As educators, we talk quite a bit about how to support struggling readers. Rightfully so, but on the flip side – we also have advanced readers who are working on texts well above grade level.
Students who read a grade level or two above are often left to their own devices. It’s easy to think that they don’t need our help as much as our below-level and on-level readers.
And while they might not need the same level of support as their peers, they still need (and deserve!) our guidance to build skills and continue growing as readers.
In this blog post, I’ll share practical tips for working with students who are reading above grade level.
Pinpoint hidden areas of weakness
Have you ever worked with a reader who knows LOTS of words but struggles when they come to a new multisyllabic word?
Some students have strong visual memory skills and know a large quantity of high frequency words – but they may lack decoding strategies or phonics knowledge.
As these students begin to read more challenging texts (with tricky proper nouns and multisyllabic words), students need to use “word attack” skills to break down these new words and decode them correctly.
A nonsense word inventory is a quick, easy way to see if a student is able to use decoding strategies and phonics knowledge to read new words. (Since the words are nonsense words, students wouldn’t have encountered them before, so you know for sure that they haven’t memorized the words and are truly using their decoding abilities.)
If you’re a member of my First & Second Grade Literacy Club, you have access to a nonsense word inventory that looks like this:
This is not the whole assessment – parts are cut off. It progresses from easier to more difficult words. If you’re a First and Second Grade Literacy Club member, look inside “Intervention Central” to find this page as part of the Phonics Protocol PDF.
Of course, phonics is not the only possible area of weakness for your advanced readers! They may also struggle with:
- Self-monitoring (noticing when their comprehension has broken down and using strategies to get back on track)
- Inferring the meanings of vocabulary words through context (some of my advanced readers tend to just skim right over new words and not think about their meanings)
- Inferential thinking (moving beyond basic comprehension of a text)
Advanced readers have needs, too! And sometimes their needs might surprise you.
Differentiation is valuable for all students, right? We can:
- Allow choice
- Use technology (Websites like EPIC) to expand the number of books available to students
- Provide a variety of genres during instruction and in your library (fiction, non-fiction, fantasy, biographies, graphic novels, etc.)
- Try having students use a free digital tool like Read Theory – it automatically adjusts to students’ levels
You can help your advanced readers find more complex, challenging materials that may include sophisticated vocabulary and concepts. We don’t want to give these students MORE work – we want to give them DIFFERENT (more appropriate) work.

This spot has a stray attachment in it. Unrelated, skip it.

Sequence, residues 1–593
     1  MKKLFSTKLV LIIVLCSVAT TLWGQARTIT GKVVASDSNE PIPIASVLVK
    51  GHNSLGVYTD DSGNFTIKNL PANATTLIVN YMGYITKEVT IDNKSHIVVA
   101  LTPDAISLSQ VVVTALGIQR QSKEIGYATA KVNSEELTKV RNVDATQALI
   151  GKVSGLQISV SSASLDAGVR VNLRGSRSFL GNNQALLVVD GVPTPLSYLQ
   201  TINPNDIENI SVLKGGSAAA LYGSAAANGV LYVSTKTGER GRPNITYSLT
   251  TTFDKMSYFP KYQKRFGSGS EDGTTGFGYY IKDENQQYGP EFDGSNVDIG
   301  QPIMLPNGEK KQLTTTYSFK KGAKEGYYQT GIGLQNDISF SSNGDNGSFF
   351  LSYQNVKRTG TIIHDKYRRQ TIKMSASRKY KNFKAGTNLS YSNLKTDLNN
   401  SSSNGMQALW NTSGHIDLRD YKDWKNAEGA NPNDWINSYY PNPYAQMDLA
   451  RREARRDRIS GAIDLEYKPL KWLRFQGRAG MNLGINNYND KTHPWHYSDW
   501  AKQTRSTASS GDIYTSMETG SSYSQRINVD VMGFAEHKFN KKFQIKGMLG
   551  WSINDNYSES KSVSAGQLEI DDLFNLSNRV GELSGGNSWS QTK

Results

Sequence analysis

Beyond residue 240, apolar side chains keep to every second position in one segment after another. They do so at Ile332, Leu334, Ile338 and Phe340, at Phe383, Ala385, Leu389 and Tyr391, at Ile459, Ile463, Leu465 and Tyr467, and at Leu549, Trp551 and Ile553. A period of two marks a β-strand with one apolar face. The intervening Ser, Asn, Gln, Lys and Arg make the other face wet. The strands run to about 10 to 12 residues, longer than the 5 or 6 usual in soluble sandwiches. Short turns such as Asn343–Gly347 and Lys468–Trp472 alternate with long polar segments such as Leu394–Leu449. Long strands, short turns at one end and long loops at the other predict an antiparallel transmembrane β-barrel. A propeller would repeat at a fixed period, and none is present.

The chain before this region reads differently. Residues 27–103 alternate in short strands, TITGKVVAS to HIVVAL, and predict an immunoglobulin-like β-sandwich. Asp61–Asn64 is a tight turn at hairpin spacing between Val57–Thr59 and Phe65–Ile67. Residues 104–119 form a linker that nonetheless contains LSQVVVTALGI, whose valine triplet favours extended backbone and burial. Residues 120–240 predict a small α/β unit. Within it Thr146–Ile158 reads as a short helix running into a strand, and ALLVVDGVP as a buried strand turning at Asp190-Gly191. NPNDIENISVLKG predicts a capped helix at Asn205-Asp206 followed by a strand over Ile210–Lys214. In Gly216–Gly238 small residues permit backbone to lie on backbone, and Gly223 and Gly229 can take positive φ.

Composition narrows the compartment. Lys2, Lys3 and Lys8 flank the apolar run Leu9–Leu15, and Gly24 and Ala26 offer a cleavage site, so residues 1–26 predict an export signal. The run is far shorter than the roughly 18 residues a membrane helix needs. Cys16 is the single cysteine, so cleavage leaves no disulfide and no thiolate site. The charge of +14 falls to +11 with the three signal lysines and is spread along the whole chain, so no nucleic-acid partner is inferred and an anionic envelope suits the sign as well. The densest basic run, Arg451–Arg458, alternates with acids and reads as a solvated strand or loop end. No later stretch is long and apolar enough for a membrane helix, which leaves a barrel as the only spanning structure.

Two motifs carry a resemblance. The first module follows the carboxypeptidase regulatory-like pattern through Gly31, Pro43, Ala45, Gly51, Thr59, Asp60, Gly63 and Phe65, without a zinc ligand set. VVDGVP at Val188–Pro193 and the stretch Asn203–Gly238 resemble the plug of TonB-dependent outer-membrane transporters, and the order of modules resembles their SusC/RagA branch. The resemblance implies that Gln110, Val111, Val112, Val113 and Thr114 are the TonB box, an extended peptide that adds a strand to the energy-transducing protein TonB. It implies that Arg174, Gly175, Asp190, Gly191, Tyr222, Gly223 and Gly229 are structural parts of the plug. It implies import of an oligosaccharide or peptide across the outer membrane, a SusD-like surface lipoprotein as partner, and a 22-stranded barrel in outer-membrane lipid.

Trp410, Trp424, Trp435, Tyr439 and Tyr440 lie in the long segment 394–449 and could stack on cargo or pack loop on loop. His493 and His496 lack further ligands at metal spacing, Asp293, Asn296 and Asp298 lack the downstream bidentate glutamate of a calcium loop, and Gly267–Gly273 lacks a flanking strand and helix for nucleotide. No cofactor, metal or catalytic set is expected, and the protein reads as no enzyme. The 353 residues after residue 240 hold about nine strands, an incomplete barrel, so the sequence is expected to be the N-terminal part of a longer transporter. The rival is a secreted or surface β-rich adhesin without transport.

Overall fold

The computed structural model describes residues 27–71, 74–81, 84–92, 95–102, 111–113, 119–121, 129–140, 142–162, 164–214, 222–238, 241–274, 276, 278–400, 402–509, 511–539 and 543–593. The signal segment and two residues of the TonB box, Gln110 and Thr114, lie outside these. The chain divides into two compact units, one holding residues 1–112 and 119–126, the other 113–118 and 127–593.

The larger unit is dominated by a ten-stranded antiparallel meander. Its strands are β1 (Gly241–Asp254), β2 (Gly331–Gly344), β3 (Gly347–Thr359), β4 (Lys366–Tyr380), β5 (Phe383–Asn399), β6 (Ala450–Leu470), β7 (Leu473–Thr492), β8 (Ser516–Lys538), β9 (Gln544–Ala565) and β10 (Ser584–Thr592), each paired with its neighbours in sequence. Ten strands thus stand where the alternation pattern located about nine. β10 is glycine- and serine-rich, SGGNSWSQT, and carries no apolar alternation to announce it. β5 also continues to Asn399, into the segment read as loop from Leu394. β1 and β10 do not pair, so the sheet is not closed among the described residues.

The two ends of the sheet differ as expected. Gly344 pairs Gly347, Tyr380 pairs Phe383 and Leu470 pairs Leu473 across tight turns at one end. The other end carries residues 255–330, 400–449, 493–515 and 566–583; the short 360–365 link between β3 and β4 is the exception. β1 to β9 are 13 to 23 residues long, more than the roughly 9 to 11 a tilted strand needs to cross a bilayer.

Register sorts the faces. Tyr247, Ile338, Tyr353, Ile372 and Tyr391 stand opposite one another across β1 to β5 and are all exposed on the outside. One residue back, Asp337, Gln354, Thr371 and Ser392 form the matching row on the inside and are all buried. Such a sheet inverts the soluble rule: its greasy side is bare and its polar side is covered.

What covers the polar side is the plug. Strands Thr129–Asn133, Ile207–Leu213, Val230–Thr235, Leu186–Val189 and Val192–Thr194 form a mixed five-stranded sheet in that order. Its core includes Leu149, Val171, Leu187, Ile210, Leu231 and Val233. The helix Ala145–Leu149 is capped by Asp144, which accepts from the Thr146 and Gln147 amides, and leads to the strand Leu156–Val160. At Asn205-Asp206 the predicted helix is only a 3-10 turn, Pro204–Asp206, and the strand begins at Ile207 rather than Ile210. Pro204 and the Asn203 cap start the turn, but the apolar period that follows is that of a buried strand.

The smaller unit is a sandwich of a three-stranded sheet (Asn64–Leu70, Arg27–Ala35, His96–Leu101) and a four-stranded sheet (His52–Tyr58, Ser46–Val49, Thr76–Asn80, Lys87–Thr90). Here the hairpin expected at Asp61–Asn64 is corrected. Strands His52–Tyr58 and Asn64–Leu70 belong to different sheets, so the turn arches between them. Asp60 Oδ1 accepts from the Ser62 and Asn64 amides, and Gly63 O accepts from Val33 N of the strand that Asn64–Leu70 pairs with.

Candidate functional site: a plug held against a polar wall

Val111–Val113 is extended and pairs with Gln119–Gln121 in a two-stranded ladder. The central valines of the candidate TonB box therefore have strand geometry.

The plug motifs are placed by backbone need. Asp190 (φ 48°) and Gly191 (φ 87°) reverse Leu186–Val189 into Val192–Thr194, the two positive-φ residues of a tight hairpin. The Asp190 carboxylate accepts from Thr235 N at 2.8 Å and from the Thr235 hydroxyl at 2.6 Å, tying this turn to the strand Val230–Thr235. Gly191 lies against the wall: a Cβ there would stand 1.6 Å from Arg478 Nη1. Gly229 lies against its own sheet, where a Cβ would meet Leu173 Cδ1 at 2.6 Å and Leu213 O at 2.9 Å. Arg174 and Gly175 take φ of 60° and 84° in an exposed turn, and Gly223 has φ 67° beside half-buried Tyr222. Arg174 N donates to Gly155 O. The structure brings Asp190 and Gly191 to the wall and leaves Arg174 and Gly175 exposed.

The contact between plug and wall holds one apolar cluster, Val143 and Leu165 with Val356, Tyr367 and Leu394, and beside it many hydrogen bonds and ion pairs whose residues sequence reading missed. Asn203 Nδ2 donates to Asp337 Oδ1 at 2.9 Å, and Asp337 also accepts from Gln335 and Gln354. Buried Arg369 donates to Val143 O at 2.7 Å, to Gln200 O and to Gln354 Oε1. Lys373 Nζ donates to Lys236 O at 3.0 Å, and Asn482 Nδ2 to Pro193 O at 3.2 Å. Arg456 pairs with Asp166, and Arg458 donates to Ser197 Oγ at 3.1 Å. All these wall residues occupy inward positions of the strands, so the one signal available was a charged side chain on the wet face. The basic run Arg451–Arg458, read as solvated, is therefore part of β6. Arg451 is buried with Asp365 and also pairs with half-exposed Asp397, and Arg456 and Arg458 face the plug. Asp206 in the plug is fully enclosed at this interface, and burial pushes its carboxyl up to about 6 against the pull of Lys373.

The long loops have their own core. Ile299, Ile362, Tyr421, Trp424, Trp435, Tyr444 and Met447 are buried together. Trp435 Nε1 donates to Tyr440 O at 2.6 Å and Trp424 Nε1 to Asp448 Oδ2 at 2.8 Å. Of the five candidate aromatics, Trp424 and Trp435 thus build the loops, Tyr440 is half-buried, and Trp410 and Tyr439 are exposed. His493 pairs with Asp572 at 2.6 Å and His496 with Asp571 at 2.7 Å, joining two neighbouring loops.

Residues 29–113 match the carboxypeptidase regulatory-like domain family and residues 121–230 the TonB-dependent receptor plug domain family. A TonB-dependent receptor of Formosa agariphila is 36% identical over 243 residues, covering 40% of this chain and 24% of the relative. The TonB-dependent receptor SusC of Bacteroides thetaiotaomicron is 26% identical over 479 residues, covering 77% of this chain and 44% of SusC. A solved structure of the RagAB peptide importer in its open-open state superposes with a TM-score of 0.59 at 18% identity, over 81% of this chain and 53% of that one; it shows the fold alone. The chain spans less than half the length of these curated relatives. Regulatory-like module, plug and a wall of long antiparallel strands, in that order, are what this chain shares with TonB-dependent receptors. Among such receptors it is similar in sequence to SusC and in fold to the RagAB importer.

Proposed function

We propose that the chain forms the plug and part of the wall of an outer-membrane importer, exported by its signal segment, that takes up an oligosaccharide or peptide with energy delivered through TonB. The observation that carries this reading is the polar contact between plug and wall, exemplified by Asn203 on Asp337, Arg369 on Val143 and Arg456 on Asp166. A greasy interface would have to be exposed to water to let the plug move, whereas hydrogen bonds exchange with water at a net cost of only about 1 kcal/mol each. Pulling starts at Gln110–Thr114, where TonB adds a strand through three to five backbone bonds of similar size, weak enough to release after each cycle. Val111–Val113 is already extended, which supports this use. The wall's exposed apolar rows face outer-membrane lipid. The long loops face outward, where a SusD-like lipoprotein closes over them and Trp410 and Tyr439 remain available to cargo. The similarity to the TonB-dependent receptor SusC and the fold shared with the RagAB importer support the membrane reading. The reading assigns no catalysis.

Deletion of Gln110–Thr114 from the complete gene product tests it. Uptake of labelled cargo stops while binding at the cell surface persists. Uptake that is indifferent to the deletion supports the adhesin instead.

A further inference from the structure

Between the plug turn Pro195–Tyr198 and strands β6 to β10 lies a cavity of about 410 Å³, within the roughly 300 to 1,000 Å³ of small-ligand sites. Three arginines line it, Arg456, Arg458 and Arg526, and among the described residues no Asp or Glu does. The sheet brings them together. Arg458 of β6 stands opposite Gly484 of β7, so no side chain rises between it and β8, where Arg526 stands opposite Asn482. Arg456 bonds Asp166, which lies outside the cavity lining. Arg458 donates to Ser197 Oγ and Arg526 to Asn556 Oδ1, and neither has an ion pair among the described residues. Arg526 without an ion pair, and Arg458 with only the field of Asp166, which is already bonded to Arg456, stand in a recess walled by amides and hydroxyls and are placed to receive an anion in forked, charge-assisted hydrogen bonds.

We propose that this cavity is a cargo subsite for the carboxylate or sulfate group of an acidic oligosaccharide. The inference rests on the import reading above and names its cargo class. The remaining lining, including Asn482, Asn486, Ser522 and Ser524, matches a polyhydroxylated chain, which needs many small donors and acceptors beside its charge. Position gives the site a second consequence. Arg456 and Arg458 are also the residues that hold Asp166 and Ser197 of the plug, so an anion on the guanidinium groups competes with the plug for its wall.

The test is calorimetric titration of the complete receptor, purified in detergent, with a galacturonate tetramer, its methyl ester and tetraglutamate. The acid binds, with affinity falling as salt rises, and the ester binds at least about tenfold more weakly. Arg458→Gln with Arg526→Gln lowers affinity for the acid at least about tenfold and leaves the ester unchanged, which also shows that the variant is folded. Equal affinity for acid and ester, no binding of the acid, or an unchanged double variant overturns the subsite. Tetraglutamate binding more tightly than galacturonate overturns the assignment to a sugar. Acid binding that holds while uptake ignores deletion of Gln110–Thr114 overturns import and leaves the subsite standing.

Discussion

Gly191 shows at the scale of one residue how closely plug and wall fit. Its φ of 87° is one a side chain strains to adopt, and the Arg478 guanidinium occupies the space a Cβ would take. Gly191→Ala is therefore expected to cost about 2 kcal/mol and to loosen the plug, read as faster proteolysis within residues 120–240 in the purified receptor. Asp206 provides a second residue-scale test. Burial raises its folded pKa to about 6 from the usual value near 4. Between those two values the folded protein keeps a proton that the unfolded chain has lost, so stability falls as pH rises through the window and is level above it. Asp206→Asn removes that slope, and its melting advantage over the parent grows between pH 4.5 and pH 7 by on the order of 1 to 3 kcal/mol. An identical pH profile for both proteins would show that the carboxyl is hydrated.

When you’re looking for more complex texts, consider your student’s emotional maturity as well. Are they ready for the content and themes introduced in that text? Click here to read an interesting blog post about choosing age-appropriate books for advanced readers.
Provide coaching and support
Now let’s talk about supporting advanced readers in small group! If decoding is not an issue for some of your students, it may seem like they don’t need your support. But they do – just a different kind of support.
During small groups, you can coach advanced readers on critical reading skills (i.e. analyzing, inferring, comprehension) and ask questions that require higher-level thinking.
Sometimes you might have a handful of advanced readers – but they’re not all reading at the same level. You can still meet with them in a small group setting at times, so that they get the experience of a group discussion (Just choose a text that’s accessible to all students in that group, even if it’s not precisely at their level.)
You can provide even more individualized support by doing 1:1 reading conferences. During a conference, you and the student can set individual goals to keep them moving forward.
You can track their goals and progress with a conferring record like this one:
Here are a few ideas for goals for your advanced readers:
- Keep a list of unfamiliar words while you read
- Track a character’s journey (physical or emotional)
- Draw comparisons to other books or your own life
- Use stickies to tag parts that are: favorites, funny, sad, important, or even surprising
Create opportunities for productive work with peers
If you’re lucky, you’ll have a nice even number of advanced readers in your class. So, they can partner up or work in a group.
For example, after independent reading time, your students might partner up and discuss their favorite part of a text they were reading. Or they might retell or discuss a specific strategy they used. (If you use my Flexible Shared Reading Lesson Plans, you’ll have plenty of ideas for structuring partner talk.)
Advanced students benefit from partner reading as well. They can take turns reading paragraphs to each other (and ideally, discussing ideas as they read).
Book clubs are another great option! Students can choose a topic and read different copies of the same text. You can help them structure their conversations using a strategy like reciprocal teaching.
When you have a whole class full of students to support, it’s easy to let your advanced students slip through the cracks. But they need you, too! Just in different ways.
How do you support advanced readers in your classroom? I’d love to hear your insight in the comments!
Last but not least, if a list of comprehension and fluency strategies (plus decoding strategies and other goodies) would be helpful to you in supporting your advanced readers, you can grab one in my free guided reading toolkit.